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Harris v. Brian Smith Superintendent

United States District Court, S.D. Indiana, Terre Haute Division

October 5, 2016

CHARLES HARRIS, Petitioner,
v.
BRIAN SMITH SUPERINTENDENT, Respondent.

          ENTRY DISCUSSING PETITION FOR WRIT OF HABEAS CORPUS

          Hon. Jane Magnus-Stinson, Judge

         The petition of Charles Harris for a writ of habeas corpus challenges a prison disciplinary proceeding identified as No. ISF 15-11-0560. For the reasons explained in this Entry, Harris's habeas petition must be denied.

         Discussion

         A. Overview

         Prisoners in Indiana custody may not be deprived of good-time credits, Cochran v. Buss, 381 F.3d 637, 639 (7th Cir. 2004) (per curiam), or of credit-earning class, Montgomery v. Anderson, 262 F.3d 641, 644-45 (7th Cir. 2001), without due process. The due process requirement is satisfied with the issuance of advance written notice of the charges, a limited opportunity to present evidence to an impartial decision maker, a written statement articulating the reasons for the disciplinary action and the evidence justifying it, and “some evidence in the record” to support the finding of guilt. Superintendent, Mass. Corr. Inst. v. Hill, 472 U.S. 445, 454 (1985); Wolff v. McDonnell, 418 U.S. 539, 570-71 (1974); Piggie v. Cotton, 344 F.3d 674, 677 (7th Cir. 2003); Webb v. Anderson, 224 F.3d 649, 652 (7th Cir. 2000).

         B. The Disciplinary Proceeding

         On November 20, 2015, Charles Worsham issued a Report of Conduct charging Harris with a trafficking in violation of Code A-113. The Report of Conduct states:

On November 20th at approximately 7:30 a.m. I was unable to locate offender Harris. I stepped outside where I saw offender Harris returning around the corner of another building carrying a brown paper bag wadded up like trash. The offenders have been instructed not to wander through the facility unsupervised. I asked offender Harris what he was doing. He said he was getting his lunch. His lunch was nowhere near that building. He then said he was picking up trash. I took the contraband from offender Harris and instructed him and the others to return to the van. The paper bag contained multiple tightly wrapped packages and was given to Brady Givens, Park Manager before I returned the crew to PCF-IRO.

         Brady Givens emailed Vedora Hinshaw at the Department of Correction as follows:

Almost immediately after arriving at the property this morning Charles “Zac” Worsham, who supervises our DOC crew here at Fort Harrison SP observed one of the offenders retrieving an object from near the Service Area fence. He confronted the individual and asked him what he was doing. According to Zac he noticed that the offender had a paper bag in his hand which he claimed was trash. Zac took possession of this item and called our office for assistance. I arrived and spoke with Zac, at which time he explained what was going [on]. I took passion [sic] of the item, and instructed him to return the crew to the facility immediately. I then contacted our Conservation Officers and informed them of the situation. They will be out to take passion [sic] of the item a soon as they are available. Next I called the Pendleton Facility to make them aware [of] the situation.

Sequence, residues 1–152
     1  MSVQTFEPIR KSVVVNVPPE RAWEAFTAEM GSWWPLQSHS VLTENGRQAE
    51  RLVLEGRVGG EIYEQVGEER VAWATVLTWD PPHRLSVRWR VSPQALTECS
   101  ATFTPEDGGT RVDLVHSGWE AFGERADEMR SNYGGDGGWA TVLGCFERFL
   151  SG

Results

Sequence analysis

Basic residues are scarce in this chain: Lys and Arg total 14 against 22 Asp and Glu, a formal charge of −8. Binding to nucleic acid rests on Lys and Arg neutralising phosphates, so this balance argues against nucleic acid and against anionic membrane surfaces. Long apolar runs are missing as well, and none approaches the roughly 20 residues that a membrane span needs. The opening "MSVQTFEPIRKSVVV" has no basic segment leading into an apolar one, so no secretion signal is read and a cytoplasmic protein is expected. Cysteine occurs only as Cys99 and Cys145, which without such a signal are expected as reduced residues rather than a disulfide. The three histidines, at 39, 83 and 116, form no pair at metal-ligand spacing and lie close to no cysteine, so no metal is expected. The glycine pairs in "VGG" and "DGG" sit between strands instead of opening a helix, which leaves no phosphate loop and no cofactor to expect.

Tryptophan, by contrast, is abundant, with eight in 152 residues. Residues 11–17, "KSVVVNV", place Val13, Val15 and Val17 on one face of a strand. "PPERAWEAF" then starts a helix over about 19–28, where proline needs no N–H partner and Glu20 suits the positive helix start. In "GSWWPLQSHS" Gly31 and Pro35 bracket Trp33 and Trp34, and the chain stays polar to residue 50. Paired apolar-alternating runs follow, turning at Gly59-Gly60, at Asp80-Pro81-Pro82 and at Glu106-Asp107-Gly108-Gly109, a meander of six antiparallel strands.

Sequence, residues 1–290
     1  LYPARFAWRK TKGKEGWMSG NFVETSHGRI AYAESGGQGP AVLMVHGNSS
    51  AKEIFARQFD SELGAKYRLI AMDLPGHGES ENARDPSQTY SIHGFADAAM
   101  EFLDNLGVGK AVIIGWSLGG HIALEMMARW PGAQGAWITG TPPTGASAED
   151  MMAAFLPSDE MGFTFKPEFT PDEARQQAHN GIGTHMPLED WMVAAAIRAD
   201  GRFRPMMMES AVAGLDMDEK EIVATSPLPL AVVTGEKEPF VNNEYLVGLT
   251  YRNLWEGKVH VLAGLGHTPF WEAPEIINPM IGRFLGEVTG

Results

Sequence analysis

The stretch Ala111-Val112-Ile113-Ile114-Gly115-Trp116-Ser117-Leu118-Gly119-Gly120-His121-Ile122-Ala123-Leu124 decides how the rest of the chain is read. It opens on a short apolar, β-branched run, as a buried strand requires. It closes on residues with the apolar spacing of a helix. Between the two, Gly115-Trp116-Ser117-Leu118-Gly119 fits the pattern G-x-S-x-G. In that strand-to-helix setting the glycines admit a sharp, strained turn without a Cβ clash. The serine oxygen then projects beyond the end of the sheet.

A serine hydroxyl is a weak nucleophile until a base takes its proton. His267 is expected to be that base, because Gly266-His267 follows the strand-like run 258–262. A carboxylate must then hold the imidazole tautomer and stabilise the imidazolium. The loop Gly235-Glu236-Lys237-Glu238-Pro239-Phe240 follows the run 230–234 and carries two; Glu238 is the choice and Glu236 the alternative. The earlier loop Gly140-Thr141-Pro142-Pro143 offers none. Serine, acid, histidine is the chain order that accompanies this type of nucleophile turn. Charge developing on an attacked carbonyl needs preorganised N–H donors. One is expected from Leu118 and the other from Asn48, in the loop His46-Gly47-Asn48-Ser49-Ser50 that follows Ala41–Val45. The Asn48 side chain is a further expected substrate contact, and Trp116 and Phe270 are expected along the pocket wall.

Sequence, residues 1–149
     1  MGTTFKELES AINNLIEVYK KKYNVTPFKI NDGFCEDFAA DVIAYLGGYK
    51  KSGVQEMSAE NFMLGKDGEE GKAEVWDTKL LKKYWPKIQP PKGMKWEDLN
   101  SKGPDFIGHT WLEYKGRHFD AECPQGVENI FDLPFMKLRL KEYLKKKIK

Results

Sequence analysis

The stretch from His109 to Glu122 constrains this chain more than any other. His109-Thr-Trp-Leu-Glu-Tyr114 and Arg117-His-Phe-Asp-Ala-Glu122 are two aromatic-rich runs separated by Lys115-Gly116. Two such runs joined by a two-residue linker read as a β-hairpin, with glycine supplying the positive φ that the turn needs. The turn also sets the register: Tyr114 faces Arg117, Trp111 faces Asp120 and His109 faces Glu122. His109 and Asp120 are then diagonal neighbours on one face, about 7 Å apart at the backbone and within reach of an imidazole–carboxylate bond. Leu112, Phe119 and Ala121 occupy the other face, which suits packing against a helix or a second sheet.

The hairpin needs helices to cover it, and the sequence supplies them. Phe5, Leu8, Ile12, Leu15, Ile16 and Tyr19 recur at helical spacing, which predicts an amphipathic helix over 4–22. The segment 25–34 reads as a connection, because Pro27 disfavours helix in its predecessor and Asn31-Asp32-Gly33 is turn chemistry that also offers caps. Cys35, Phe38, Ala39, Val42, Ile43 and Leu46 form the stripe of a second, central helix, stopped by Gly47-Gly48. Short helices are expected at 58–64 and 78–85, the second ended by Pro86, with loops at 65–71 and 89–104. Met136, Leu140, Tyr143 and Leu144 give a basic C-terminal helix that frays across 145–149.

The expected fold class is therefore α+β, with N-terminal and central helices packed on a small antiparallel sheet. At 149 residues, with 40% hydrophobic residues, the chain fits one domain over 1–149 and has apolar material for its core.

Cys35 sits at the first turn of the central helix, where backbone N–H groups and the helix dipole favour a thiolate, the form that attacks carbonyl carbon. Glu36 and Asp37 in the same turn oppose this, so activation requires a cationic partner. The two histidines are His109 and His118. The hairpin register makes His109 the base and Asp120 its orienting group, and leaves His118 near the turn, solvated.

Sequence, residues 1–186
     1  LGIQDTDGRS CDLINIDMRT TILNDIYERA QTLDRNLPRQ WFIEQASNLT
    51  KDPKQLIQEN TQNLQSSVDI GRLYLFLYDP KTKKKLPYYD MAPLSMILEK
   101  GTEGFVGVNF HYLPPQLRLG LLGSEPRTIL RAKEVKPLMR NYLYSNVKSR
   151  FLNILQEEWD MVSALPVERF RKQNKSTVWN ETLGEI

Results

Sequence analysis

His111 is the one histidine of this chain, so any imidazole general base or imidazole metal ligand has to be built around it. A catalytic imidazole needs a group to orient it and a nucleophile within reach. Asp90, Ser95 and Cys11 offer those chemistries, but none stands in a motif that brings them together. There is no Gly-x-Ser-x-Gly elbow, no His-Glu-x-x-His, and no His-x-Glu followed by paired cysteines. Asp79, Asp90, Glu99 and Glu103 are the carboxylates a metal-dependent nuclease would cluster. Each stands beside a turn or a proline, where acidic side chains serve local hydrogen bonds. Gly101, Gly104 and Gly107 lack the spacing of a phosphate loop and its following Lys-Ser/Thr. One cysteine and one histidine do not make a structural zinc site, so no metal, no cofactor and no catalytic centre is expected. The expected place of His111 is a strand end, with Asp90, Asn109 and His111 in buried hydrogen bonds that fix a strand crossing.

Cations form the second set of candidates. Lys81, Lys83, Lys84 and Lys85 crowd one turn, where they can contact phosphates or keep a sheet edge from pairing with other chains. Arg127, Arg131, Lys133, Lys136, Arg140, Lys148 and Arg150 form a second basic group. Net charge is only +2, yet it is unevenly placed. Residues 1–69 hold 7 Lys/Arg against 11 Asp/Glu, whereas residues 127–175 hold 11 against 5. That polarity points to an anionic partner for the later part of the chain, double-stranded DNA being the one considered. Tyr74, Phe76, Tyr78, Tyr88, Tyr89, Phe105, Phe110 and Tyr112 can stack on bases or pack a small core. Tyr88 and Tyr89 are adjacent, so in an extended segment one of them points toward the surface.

Harris was notified of the charge on November 25, 2015, when he was served with the Report of Conduct and the Notice of Disciplinary Hearing (Screening Report). The Screening Officer noted that Harris did not request any witnesses or evidence.

         The Hearing Officer conducted a disciplinary hearing on December 1, 2015. The Hearing Officer noted Harris' statement, “Was doing my job the best I could, to pick up trash, I thought that is what I was doing.” Relying on the staff reports and the statement of the offender, the Hearing Officer determined that Harris had violated Code A-113. The sanctions imposed included a written reprimand, a 30-day phone restriction, and the deprivation of 90 days of earned credit time. The Hearing Officer imposed the sanctions because of the seriousness of the offense and the degree to which the violation disrupted or endangered the security of the facility Harris's appeals were denied and he filed the present petition for a writ of habeas corpus.

         C. Analysis

         Harris challenges the disciplinary proceeding arguing that the screening officer denied requested evidence, that there is a variance between the charge and the conduct report, and that the evidence is not sufficient to sustain the conviction. 1. Denial of Evidence Harris first argues that he was denied requested evidence, but he does not state what evidence he requested. A hearing officer has considerable discretion with respect to witness and evidence requests, and may deny requests that threaten institutional safety or are irrelevant, repetitive, or unnecessary. Piggie v. Cotton,342 F.3d 660, 666 (7th Cir. 2003). Furthermore, due process only requires access to witnesses and evidence that are exculpatory. Rasheed-Bey v. Duckworth, 969 F.2d 357, 361 (7th Cir. 1992). “Exculpatory” in this context means evidence that “directly undermines the reliability of the evidence in the record pointing to [the prisoner's] guilt.” Meeks v. McBride,81 F.3d 717, 721 (7th Cir. 1996). The denial of the right to present evidence will be considered harmless, unless the prisoner shows that the evidence could have aided his defense. See Jones v. Cross,637 F.3d 841, ...


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